DCG’s media house Coindesk looking for investors as Barry Silbert’s crypto empire about to struggle

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  • Crypto-focused media company CoinDesk considering a partial or full sale. 
  • The media outlet has retained investment bankers from Lazard Inc. as DCG’s financial troubles escalate. 

Crypto-focused media company CoinDesk Inc. is exploring funding options as its parent company Digital Currency Group (DCG) has run into financial troubles.

The development was first reported by the Wall Street Journal (WSJ). Per the news coverage, CoinDesk has retained investment bankers at Lazard Ltd. to help it make a decision.

CoinDesk’s CEO Kevin Worth revealed that options it is looking at include a partial or full sale. According to Worth, the company has already received indications of interest from interested investors over the last few months.

Over the last few months, we have received numerous inbound indications of interest in CoinDesk,

Worth said.

Citing sources familiar with the matter, the WSJ added that DCG has received multiple unsolicited offers to sell CoinDesk in the past few months. The interested parties are willing to pay up to $200 million for the media outlet.

The sources note that DCG acquired CoinDesk in 2016 for $500,000. CoinDesk, meanwhile, generated $50 million in revenue last year from online advertising and its index and events business. Notably, CoinDesk’s Bitcoin Price Index is tracked by the $13.5 billion Grayscale Bitcoin Trust (GBTC).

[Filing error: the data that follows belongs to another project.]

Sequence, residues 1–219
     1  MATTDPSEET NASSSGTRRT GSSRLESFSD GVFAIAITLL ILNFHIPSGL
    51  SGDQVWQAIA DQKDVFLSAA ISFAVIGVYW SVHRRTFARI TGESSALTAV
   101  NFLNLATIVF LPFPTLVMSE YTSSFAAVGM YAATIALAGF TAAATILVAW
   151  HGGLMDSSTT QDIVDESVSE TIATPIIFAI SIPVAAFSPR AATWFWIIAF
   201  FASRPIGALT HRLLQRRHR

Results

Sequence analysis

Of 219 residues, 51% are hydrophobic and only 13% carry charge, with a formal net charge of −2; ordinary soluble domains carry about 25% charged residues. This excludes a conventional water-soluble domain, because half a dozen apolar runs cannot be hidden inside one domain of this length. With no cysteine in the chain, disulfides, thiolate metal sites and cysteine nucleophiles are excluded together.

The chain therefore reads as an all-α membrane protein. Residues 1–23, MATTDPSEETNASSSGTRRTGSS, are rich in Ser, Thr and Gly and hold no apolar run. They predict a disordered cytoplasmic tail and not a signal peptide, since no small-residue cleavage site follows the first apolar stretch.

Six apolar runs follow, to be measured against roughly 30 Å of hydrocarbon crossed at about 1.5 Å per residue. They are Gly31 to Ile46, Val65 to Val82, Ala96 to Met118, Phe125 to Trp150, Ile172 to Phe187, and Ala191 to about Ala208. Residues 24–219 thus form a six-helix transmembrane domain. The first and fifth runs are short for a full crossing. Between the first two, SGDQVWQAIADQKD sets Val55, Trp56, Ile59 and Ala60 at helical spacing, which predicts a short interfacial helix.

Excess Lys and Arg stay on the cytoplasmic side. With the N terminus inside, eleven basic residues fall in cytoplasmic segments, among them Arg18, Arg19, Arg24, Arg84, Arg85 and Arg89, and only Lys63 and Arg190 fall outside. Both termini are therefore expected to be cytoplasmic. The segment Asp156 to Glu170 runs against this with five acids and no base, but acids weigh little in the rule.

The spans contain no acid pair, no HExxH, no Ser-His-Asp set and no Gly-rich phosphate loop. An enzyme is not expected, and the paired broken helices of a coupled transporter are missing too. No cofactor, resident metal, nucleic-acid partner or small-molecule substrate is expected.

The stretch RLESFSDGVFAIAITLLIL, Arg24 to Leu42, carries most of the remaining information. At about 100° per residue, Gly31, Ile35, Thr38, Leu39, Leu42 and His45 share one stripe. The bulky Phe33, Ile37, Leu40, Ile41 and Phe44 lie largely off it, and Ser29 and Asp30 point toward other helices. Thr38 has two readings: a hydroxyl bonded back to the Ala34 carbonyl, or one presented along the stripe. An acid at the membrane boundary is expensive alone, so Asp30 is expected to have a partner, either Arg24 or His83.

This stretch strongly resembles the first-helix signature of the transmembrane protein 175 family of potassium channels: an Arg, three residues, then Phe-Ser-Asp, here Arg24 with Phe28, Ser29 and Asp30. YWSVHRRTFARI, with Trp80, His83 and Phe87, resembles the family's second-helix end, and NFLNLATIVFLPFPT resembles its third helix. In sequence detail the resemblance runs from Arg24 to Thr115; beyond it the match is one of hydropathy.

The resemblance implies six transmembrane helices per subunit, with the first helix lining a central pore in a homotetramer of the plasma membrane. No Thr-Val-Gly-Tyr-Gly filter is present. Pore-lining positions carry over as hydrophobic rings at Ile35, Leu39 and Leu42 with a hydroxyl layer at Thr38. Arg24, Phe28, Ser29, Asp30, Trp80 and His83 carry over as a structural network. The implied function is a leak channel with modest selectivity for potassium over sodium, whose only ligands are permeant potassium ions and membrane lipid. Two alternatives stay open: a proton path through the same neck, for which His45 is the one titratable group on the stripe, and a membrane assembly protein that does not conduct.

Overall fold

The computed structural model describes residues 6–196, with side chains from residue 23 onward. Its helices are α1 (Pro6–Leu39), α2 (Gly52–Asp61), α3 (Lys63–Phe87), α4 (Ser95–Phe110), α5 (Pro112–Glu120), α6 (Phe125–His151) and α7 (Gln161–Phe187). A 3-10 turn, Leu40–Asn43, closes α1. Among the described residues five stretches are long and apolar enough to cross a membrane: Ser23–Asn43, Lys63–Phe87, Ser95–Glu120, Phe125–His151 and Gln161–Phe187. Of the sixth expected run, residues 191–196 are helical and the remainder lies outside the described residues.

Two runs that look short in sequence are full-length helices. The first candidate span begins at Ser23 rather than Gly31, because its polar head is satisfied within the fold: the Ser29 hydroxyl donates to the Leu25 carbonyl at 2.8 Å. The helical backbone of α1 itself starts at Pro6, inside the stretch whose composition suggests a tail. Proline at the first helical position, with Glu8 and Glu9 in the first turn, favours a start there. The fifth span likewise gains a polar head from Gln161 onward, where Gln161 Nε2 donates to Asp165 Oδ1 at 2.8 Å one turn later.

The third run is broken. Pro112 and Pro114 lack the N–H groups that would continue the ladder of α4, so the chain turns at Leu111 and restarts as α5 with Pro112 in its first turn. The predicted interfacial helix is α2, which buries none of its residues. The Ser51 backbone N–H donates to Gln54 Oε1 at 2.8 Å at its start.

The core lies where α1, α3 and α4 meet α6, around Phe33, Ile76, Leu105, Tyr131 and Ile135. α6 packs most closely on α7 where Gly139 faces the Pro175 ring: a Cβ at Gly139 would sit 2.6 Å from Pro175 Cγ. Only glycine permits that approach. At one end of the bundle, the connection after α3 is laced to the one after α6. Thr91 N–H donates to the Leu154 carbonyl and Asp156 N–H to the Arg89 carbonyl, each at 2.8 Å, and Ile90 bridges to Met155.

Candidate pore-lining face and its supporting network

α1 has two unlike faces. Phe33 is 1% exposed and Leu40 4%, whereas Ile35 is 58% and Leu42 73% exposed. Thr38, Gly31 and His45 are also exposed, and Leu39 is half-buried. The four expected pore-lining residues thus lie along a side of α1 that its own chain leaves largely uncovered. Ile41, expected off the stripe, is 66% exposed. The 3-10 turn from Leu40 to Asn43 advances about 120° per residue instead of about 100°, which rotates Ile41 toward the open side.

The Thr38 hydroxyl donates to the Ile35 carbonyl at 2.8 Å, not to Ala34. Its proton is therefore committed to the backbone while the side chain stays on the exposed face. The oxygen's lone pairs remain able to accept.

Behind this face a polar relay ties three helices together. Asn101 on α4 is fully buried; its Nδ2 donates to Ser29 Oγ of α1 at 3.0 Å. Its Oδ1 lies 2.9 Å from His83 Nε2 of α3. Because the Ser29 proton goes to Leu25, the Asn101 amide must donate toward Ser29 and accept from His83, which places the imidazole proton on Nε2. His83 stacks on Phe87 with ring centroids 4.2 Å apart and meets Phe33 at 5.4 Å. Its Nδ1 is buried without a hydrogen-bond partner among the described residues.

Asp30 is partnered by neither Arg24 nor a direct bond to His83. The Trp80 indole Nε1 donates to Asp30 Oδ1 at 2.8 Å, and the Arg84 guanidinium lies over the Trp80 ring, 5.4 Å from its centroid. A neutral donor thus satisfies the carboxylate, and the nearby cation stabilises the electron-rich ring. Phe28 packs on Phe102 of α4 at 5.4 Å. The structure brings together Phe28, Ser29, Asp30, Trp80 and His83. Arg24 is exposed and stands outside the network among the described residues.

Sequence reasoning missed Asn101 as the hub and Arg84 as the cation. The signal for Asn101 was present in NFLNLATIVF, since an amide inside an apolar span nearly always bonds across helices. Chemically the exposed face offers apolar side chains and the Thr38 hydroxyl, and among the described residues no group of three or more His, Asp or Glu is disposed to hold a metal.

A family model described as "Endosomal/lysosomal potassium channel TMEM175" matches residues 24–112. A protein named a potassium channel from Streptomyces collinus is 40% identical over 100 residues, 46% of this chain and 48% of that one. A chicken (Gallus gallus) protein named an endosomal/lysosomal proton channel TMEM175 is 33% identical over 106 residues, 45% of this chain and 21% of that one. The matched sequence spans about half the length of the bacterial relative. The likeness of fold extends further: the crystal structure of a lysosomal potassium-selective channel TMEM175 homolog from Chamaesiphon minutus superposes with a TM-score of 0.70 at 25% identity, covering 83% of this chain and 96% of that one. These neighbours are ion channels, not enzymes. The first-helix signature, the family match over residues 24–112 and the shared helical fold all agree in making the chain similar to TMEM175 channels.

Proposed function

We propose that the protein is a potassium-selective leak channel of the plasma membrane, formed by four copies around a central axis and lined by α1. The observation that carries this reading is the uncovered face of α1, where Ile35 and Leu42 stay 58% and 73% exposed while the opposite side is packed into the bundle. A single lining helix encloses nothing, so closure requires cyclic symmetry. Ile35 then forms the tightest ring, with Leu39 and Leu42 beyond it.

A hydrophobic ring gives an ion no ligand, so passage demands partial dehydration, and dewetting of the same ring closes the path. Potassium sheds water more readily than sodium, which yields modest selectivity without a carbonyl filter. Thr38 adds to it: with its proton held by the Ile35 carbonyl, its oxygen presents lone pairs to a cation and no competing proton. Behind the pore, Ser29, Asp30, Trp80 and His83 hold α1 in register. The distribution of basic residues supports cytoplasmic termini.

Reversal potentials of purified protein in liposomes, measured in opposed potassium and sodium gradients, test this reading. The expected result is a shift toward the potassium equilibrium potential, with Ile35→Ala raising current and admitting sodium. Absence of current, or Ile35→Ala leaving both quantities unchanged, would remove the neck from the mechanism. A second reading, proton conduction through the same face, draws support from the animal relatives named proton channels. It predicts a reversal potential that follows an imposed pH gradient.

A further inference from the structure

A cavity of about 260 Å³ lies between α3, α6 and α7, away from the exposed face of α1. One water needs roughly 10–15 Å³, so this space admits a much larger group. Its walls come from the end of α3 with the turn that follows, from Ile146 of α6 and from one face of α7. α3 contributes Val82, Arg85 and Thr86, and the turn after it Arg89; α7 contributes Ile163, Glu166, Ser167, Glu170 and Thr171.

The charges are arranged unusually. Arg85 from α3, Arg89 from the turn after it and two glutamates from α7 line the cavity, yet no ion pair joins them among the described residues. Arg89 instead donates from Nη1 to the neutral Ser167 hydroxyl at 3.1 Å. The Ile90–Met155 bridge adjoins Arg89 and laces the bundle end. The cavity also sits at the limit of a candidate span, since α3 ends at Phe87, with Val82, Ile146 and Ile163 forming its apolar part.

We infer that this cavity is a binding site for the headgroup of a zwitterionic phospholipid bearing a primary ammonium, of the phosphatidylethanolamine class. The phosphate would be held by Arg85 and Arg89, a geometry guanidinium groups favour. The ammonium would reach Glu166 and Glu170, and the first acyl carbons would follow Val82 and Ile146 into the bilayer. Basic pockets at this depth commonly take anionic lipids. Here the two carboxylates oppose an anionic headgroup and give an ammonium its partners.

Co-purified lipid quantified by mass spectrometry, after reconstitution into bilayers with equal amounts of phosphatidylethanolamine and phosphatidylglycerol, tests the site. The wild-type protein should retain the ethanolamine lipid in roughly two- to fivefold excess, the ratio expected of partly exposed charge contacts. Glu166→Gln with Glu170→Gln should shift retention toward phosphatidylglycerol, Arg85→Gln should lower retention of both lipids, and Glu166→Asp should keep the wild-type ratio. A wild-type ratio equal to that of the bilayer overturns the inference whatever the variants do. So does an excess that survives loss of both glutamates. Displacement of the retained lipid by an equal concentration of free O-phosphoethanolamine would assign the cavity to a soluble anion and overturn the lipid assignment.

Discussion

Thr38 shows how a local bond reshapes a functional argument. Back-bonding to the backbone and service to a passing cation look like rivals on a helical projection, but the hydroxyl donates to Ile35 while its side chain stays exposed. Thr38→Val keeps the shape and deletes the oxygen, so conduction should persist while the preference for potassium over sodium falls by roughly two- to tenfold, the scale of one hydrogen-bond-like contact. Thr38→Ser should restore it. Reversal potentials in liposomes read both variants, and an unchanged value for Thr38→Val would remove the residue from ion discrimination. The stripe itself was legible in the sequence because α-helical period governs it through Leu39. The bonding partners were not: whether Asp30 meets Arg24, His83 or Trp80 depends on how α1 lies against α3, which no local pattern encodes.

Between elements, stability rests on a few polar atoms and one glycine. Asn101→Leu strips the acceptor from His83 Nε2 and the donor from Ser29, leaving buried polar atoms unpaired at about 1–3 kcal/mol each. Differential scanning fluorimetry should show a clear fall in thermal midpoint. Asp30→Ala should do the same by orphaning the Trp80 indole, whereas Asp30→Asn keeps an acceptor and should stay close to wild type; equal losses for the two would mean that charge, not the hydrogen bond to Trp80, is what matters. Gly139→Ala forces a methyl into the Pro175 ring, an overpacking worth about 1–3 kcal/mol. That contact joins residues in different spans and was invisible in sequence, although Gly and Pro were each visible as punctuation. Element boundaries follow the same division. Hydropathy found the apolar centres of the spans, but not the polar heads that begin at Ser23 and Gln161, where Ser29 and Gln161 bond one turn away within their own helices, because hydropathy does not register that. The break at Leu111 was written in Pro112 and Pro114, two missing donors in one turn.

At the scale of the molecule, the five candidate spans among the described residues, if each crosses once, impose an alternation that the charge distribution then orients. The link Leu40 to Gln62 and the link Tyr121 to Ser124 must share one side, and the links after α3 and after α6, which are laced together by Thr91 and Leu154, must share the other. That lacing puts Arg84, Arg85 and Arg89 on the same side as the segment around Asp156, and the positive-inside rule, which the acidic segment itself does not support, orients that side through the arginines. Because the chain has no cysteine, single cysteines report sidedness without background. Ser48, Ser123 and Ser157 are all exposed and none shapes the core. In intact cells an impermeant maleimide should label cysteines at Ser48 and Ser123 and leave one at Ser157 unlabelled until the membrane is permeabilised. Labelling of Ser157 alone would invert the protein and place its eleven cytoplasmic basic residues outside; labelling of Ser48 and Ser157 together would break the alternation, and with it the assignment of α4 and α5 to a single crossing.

Ironically, DCG’s troubles trace back to the collapse of FTX which in turn was first brought to the public’s attention by CoinDesk. A Nov. 2 report by CoinDesk questioned the health of both FTX and its sister trading firm Alameda Research. This sparked increased scrutiny of the firms which culminated in FTX filing for bankruptcy days later.

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DCG’s financial troubles keep mounting

CoinDesk is not the only DCG-owned business that the FTX contagion is affecting. DCG-owned crypto brokerage firm Genesis Trading revealed after FTX’s collapse that it had $175 million in exposure to the exchange.

The situation has since escalated as Genesis has also suspended the lending product it offered to Gemini users. Genesis also recently laid off around 30% of its workforce and is planning to file for bankruptcy according to a Bloomberg report.

Gemini claims that Genesis owes its customers around $900 million. The SEC has also brought a lawsuit against Genesis and Gemini, charging the firms with violating U.S. Securities laws.

Meanwhile, DCG’s Grayscale and crypto mining infrastructure firm Foundry are also facing their own financial troubles. Grayscale’s premier GBTC fund is trading at a massive discount of about 50% to its net asset value (NAV).

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The debilitating situation has led to disgruntled investors calling for DCG founder and CEO Barry Silber to step down. In a recent open letter, Gemini co-founder Cameron Winklevoss stated that Silbert is unfit to run DCG or salvage the situation with the conglomerate’s creditors.

However, DCG has dismissed Cameron’s allegations as “malicious, fake, and defamatory attacks.” The firm also maintains that it is working with creditors to find solutions to the issues.

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